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Now while the Pharisees were gathered together, Jesus asked them this question: ‘What do you think of the Messiah? Whose son is he?’ They said to him, ‘The son of David.’ He said to them, ‘How is it then that David by the Spirit calls him Lord, saying,

“The Lord said to my Lord,

‘Sit at my right hand,

until I put your enemies under your feet’ ”?

If David thus calls him Lord, how can he be his son?’ No one was able to give him an answer, nor from that day did anyone dare to ask him any more questions. — Matthew 22:41-46 (NRSV)

What is worse than a question? Perhaps it is the question to which one doesn’t have the right answer, or any answer at all. The Pharisees, guys who thought they had all the answers, found that this was one where the answer they had was wrong.

In my humble opinion, questions are what make the world go around and keep it turning. Every time we think we have answers, it is like the questions change and we’re back at square one, looking for answers again. The image of the toddler who is just beginning to wander around comes to mind, along with the inevitable and unending questions they always ask, “What’s that?” or worse, “Why?” There are a lot of times we don’t have an answer to that “Why?” but we still get our feet held to the fire by a three-year-old for whom “Because” is not a sufficient answer.

I wonder if God gets tired of “Why?” prayers. Why is there suffering in the world? Why do ducks fly rightside up instead of upside down? Why did I survive an accident where someone else died? Why are there mosquitoes? Why was this person born with physical or developmental challenges? Why can’t I ever remember where I put my keys or parked my car? Why do I have this illness when I didn’t do anything wrong to cause it? I don’t think even Solomon could stand up to an onslaught like that. Luckily, God’s got patience and, incidentally, all the answers — the right ones.

One thing about being an EfM mentor is that I get to ask questions, lots of questions, in our TR sessions. What’s even better is that I don’t have to have the answers because each person’s answers are usually different and geared to their own personal journey. The best thing, though, is even though I go into a TR with an idea of how I think it should go, quite often it goes in a totally different and totally unthought-of direction but I still end up having my own insights as well as sharing in the insights of others.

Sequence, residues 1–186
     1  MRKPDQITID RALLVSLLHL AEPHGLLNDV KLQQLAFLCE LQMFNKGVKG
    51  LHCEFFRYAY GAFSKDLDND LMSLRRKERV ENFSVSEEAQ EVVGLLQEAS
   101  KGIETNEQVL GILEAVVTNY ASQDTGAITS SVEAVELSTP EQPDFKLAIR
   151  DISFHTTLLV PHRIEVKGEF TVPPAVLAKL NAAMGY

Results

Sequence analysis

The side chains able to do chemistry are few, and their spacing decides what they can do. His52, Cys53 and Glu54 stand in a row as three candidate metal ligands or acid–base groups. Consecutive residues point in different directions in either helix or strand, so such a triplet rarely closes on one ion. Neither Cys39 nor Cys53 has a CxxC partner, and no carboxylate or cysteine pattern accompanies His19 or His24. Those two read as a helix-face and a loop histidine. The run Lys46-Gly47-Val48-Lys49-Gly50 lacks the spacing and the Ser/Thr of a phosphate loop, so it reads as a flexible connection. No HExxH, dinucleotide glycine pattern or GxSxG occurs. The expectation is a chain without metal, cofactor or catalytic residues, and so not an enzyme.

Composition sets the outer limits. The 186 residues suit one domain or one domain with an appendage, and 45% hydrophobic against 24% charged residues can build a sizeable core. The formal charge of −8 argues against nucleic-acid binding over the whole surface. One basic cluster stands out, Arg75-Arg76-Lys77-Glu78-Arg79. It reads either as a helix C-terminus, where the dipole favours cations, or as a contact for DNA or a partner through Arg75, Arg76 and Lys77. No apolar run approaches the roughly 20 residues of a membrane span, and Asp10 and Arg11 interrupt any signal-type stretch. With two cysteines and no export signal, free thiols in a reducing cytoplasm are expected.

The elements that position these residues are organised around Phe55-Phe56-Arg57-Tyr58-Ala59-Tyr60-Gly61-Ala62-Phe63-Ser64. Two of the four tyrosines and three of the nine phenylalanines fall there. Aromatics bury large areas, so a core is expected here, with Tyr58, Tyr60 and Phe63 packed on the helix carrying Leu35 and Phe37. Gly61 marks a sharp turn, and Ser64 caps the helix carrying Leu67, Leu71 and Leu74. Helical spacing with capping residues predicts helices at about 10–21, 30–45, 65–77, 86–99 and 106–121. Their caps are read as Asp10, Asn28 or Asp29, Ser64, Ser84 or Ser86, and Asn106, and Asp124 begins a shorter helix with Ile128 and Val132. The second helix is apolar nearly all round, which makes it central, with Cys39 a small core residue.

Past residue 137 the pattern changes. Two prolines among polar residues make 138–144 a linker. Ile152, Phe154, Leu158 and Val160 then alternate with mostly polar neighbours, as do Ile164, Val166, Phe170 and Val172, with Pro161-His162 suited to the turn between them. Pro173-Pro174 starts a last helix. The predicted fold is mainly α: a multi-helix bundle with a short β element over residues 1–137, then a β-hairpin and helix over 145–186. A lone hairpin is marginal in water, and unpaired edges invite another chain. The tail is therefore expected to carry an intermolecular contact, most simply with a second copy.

Humankind has always questioned and I don’t think that’s ever going to change. The disciples had a lot of questions for Jesus, but what they got weren’t cut-and-dried, easy answers. We still ask questions of all kinds, silly ones, ponderous ones, wishful ones, even agonized ones at times, but we ask all the same. The answers I get aren’t always ones I want to hear, just as sometimes I don’t really seem to get any answer at all, which personally drives me nuts. Still, I question, I look for answers and I try to be open to whatever comes from the search.

My question now is what am I supposed to be doing in my life — oh, and where do those stray socks go when only a single sock of a pair comes out of the dryer?

Linda Ryan co-mentors 2 EfM Online groups and keeps the blog Jericho’s Daughter


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Linda Ryan

Thanks for the comment. I agree that the Word does have interesting ways of getting around. But then, would a creative God keep using methods that may have worked before but which are less effective now? I don’t think so, in fact, I have a feeling God is amused by our need to constantly be re-introduced to the Word in new ways.

EH Culver

In all my years at Perkins School of Theology, no one has asked me about the homoousion or the hypostatic union. The burning questions tend to be about computers: Why can’t I get onto the Internet? Why doesn’t my password work? Which website is best for whatever? Is there an App for that?

Believing, as I do, that God has all the bases loaded as well as all the dice, I think that the Word is finding some interesting ways of getting around these days.

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